Mrs Dalloway

Topics: Mrs Dalloway, Free indirect speech, Virginia Woolf Pages: 29 (10619 words) Published: May 13, 2013
Mrs Dalloway


Modernism implies a break from the tradition. It refers to some sort of discontinuity, treating characters as 'thinking' individuals, emphasizing the unconscious rather than the outer, visible self; plot is more of a collection of incidents and their effect on the individual than the advance towards crisis and its resolution; imagination and internal thought processes form the substance of the literary work characterised as 'modern'. Mrs.Dalloway is a modern novel which embodies the vision that Virginia Woolf sets out in her essay, 'Modern Novels', and conforms to that ideal in almost every respect, that

...if one were free and could set down what one chose, there would be no plot, little probability, and a vague general confusion in which the clear-cut features of the tragic, the comic, the passionate, and the lyrical were dissolved beyond the possibility of separate recognition? The mind, exposed to the ordinary course of life, receives upon its surface a myriad impressions--trivial, fantastic, evanescent, or engraved with the sharpness of steel...suggesting that the proper stuff for fiction is a little other than custom would have us believe it.

Clarissa Dalloway is throwing a party. Her thoughts, remembrances, and impressions, along with the thoughts of other characters, form the 'action' of the novel. Confined to a single day in London, this is a modern novel for it has no action in the traditional sense- of building up a crisis and its resolution, of intermingling of various plots and sub-plots, just a presentation of two-three narrative threads progressing though the passage of a single day; it has an open form, the ending being inconclusive; no linearity of the story, characters feeling, experiencing and thinking, rather than acting. The sense of action is provided by the passage of time, heralded by clocks chiming and BigBen striking, towards the actual party, as well as the build-up to and the suicide committed by Septimus. The action is internalised in the thoughts and impressions received by the characters. Unlike the traditional works, this novel has also no story to tell. It is a coherent collection of 'myriad impressions', all brought together by Woolf to have her say about what she thinks about all these things through the medium of her characters, though they appear alive and thinking in their own rights. There is also no conclusive ending to the novel. The ending is such that it could be taken as a beginning to another such collection of thoughts.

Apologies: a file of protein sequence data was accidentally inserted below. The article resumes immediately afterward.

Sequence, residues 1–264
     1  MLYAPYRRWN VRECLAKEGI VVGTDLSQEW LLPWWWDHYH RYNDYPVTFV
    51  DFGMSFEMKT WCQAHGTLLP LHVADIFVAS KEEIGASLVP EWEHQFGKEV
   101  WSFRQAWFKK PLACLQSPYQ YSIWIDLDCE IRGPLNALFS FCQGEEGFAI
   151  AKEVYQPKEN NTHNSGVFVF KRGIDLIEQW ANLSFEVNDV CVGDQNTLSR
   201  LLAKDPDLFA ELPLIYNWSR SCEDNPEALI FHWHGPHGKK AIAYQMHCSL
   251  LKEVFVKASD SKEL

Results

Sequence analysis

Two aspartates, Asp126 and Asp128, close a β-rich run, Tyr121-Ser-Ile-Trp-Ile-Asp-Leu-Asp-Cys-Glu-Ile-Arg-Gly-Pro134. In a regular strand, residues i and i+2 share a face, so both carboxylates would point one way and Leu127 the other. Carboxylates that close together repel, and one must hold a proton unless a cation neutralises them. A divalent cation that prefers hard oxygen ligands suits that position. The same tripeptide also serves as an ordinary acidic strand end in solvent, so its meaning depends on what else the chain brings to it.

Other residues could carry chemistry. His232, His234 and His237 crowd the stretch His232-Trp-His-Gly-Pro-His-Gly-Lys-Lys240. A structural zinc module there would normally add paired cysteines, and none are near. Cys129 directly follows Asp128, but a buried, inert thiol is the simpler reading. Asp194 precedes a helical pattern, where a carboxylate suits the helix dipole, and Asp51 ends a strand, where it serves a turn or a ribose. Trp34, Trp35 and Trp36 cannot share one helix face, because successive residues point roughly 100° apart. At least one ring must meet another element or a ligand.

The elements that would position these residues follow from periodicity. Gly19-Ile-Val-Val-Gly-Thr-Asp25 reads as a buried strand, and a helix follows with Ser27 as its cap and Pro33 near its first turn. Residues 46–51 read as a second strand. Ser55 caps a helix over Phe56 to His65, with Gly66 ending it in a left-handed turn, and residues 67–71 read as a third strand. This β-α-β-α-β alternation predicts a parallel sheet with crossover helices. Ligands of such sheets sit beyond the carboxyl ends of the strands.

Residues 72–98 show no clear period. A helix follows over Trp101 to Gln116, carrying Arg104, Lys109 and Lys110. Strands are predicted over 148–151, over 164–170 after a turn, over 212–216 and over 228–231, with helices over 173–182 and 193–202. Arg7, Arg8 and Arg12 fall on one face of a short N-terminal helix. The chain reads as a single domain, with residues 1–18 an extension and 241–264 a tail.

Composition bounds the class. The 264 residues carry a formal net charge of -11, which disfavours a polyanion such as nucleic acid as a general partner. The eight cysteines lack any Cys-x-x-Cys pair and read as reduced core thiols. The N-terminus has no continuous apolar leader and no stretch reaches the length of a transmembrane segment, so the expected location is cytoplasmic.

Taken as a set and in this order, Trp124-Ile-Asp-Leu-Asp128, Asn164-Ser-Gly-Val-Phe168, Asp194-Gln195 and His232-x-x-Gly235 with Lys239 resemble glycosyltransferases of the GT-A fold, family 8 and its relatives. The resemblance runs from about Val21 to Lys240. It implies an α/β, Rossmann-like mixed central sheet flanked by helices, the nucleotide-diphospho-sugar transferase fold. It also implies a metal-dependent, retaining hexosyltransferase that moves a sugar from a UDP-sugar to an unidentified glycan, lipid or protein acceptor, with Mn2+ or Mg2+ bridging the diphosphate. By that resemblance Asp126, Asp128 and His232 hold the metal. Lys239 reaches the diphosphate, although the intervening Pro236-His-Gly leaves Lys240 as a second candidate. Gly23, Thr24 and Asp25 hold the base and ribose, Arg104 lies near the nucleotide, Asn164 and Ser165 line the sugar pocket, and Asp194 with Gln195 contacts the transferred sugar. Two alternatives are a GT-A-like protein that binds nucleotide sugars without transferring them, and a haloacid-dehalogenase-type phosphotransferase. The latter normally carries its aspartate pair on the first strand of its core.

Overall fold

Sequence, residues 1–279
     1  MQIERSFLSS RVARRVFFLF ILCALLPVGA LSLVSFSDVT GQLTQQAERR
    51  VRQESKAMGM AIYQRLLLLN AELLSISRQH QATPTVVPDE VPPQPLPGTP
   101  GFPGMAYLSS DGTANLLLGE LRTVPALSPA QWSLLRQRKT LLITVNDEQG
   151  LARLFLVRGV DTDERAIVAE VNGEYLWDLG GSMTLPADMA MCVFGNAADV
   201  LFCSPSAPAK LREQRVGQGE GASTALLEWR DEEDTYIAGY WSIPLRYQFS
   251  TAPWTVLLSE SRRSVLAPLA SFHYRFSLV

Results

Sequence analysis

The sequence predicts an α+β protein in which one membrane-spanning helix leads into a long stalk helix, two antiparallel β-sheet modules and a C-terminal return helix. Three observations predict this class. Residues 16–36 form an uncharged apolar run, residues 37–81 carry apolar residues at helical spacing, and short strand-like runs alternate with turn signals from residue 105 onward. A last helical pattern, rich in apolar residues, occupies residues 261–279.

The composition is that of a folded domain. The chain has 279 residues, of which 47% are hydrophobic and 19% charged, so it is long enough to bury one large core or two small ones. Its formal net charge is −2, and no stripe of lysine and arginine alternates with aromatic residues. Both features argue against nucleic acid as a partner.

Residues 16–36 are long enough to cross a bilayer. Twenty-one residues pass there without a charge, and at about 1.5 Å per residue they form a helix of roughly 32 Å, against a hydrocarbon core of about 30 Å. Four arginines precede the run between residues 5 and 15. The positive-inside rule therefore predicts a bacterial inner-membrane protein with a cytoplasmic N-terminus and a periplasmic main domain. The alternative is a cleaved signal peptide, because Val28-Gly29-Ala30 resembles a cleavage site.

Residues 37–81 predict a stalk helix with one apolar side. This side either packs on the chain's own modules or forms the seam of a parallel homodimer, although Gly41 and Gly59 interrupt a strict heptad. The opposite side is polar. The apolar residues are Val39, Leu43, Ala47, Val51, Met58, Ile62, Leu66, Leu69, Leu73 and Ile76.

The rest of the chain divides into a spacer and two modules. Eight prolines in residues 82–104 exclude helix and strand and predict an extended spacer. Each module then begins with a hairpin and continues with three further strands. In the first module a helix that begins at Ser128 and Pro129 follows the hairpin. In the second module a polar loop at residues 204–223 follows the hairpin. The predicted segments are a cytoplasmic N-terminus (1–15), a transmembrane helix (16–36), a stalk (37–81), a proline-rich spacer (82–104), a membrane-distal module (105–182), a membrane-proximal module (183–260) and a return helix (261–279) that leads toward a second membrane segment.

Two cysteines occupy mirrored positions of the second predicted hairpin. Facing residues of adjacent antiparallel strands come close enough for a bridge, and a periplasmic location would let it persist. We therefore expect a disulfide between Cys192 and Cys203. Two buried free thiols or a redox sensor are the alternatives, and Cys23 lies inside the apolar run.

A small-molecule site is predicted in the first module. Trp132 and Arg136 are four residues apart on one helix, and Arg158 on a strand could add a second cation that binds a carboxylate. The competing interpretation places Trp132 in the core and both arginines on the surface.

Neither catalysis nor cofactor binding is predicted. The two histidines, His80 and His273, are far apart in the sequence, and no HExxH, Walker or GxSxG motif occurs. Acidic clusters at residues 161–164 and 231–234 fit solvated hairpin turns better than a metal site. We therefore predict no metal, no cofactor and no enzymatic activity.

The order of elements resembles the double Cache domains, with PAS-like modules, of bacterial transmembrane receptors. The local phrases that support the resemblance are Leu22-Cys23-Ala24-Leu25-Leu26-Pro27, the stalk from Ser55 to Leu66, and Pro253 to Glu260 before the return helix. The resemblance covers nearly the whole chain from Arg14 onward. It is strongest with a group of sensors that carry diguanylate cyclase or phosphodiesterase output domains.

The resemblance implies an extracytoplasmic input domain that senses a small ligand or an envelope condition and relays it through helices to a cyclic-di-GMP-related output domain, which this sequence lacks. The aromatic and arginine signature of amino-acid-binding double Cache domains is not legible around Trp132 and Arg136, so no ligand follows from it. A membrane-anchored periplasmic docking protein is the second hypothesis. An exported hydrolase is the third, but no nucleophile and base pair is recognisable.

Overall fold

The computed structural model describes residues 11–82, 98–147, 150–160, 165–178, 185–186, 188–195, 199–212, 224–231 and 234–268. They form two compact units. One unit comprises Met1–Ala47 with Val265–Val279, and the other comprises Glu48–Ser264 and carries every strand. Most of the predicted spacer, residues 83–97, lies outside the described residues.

'What is this terror? what is this ecstasy? he thought to himself. What is it that fills me with extraordinary excitement? It is Clarissa, he said. For there she was.'

Mrs. Dalloway is one of the many novels under the genre of modernist literature. Modernist literature was filled with new types of writing techniques including; flashback, multiple point of view or multiple narration, a new use of the metaphor, a stream of consciousness, and pessimism instead of optimism.

Flashback (also called analepsis, plural analepses) is an interjected scene that takes the narrative back in time from the current point the story has reached. Flashbacks are often used to recount events that happened before the story’s primary sequence of events or to fill in crucial backstory. Character origin flashbacks specifically refers to flashbacks dealing with key events early in a character's development. In the opposite direction, a flashforward (or prolepsis) reveals events that will occur in the future. The technique is used to create suspense in a story, or develop a character. In literature, internal analepsis is a flashback to an earlier point in the narrative; external analepsis is a flashback to before the narrative started.

Virginia Woolf plays on time and space by keeping the reading standing still in both aspects. By manipulating time and space Virginia Woolf makes the reader feel as if they are standing still in both...
Continue Reading

Please join StudyMode to read the full document

You May Also Find These Documents Helpful

  • Mrs. Dalloway
  • Mrs Dalloway Essay
  • Experimentation and Point of View in Mrs Dalloway Essay
  • Close Reading on Virginia Woolf's Mrs. Dalloway Essay
  • Essay on Ms Dalloway and the Hours
  • To What Extent is Mrs Dalloway a Modernist Novel? Essay
  • Mrs. Dalloway Essay
  • Essay about Mrs Dalloway

Become a StudyMode Member

Sign Up - It's Free